2020 Tokyo Olympics: On March 24, the International Olympic Committee hinted that this year’s games could be delayed. On Monday, it was announced that the games will open July 23, 2021, and close Aug. 8, 2021 while the Paralympics will be held Aug. 24 through Sept. 5, 2021.
Rock and Roll Hall of Fame: On March 12, HBO announced that the 2020 Rock & Roll Hall of Fame Induction Ceremony would be postponed to a future date. The Ceremony was scheduled to be broadcast live for the first time on HBO on May 2nd at 8 p.m. ET at Cleveland’s Public Hall.
Cannes Film Festival: Following the first case of reported coronavirus in Nice, France, the Cannes Film Festival governing body issued a statement on February 28 that the event was still planning to move forward though they were monitoring the situation. On March 10, Variety reported that the festival did not opt for a “buy-back option” on its insurance, meaning that it would not be able to recoup costs if the festival is canceled. UPDATE 3/19: Organizers have delayed the Cannes Film Festival, with new dates being considered for the end of June.
Disney Theme Parks: On January 25, Disney closed its Shanghai Disneyland park and, one day later, its Hong Kong Disneyland park. Combined, the company is estimated to be losing nearly $300 million per quarter due to their closures. They were soon followed by the closure of Japan’s Disney parks. On March 13, it was announced that Disney World and Disneyland Paris as well as Disney California parks would close. Universal is also temporarily shutting down its theme parks.
Disney+ International Rollout: The launch of Disney+ in France, India, and other key overseas markets has been delayed until at least April 7 due to the coronavirus outbreak. UPDATE 3/24: Disney+ has launched in seven European markets: Germany, United Kingdom, Italy, Spain, Switzerland, Ireland and Austria.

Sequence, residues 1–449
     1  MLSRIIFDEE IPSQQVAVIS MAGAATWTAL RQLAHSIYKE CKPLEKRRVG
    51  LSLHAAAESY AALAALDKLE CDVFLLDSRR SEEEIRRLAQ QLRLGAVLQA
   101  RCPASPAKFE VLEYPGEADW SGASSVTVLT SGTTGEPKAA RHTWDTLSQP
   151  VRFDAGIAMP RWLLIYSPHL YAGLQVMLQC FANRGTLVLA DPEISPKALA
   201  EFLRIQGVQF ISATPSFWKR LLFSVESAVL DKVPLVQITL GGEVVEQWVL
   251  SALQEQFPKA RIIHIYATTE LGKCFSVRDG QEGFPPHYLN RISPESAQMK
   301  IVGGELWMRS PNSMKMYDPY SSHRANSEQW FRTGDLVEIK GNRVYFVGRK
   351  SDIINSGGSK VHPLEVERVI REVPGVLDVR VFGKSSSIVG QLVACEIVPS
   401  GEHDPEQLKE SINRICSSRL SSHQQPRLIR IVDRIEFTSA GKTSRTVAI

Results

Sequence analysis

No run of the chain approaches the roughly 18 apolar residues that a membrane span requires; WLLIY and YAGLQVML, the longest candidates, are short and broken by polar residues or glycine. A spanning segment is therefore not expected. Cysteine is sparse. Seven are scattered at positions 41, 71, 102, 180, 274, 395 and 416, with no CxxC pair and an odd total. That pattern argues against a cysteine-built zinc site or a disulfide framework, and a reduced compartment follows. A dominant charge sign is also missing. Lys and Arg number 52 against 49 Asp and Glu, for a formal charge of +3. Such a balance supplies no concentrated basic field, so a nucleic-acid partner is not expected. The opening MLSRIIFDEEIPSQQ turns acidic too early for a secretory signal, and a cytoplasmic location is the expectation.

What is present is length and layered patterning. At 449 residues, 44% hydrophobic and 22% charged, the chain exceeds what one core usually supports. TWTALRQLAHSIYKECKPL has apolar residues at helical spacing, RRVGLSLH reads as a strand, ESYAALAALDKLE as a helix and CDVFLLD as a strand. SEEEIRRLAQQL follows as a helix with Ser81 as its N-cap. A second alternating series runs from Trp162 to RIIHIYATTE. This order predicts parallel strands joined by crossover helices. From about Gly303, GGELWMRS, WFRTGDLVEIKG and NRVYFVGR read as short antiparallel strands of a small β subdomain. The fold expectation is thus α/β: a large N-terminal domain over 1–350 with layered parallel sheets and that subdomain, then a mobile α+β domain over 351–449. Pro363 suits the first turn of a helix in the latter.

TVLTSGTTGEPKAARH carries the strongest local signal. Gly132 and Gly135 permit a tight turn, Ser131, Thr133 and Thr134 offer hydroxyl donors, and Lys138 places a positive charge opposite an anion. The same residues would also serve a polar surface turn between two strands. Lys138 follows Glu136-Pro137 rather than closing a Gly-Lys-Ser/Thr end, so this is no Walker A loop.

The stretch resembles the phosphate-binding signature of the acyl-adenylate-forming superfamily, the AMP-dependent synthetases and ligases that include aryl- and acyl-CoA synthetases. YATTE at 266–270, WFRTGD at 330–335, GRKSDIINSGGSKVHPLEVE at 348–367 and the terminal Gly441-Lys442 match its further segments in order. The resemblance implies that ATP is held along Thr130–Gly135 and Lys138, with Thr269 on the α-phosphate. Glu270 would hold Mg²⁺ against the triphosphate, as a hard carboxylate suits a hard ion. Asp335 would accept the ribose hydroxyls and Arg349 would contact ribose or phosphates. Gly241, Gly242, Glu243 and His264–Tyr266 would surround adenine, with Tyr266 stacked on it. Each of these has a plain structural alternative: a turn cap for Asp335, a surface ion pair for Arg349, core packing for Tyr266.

New York City: On March 12, Governor Andrew Cuomo announced that major New York City attractions such as the Metropolitan Museum of Art, New York Public Library and Carnegie hall would close. In an effort to reduce risk, the city is also limiting gatherings of more than 500 people, which includes events such as Broadway theater and concerts.
Network Upfront: Upfront presentations, a time when television networks and distributors join with advertising companies to work on upcoming schedules and sell blocks of ad time, have largely been cancelled. CBS, Fox, and The CW are among the major networks to scrap upfronts as a result of the coronavirus.
LGBTIQ+ Film Festival: London has cancelled its BFI Flare: LGBTIQ+ Film Fest, which was set to run from March 18-29, due to the ongoing pandemic.
Fathom Events: In response to the viral outbreak, Fathom Events has cancelled and/or delayed its major upcoming events amid theater closures.
2020 Bonaroo Music and Arts Festival: The annual festival, originally scheduled for June 11-14, has now been delayed until the weekend of September 24-27, Variety reports.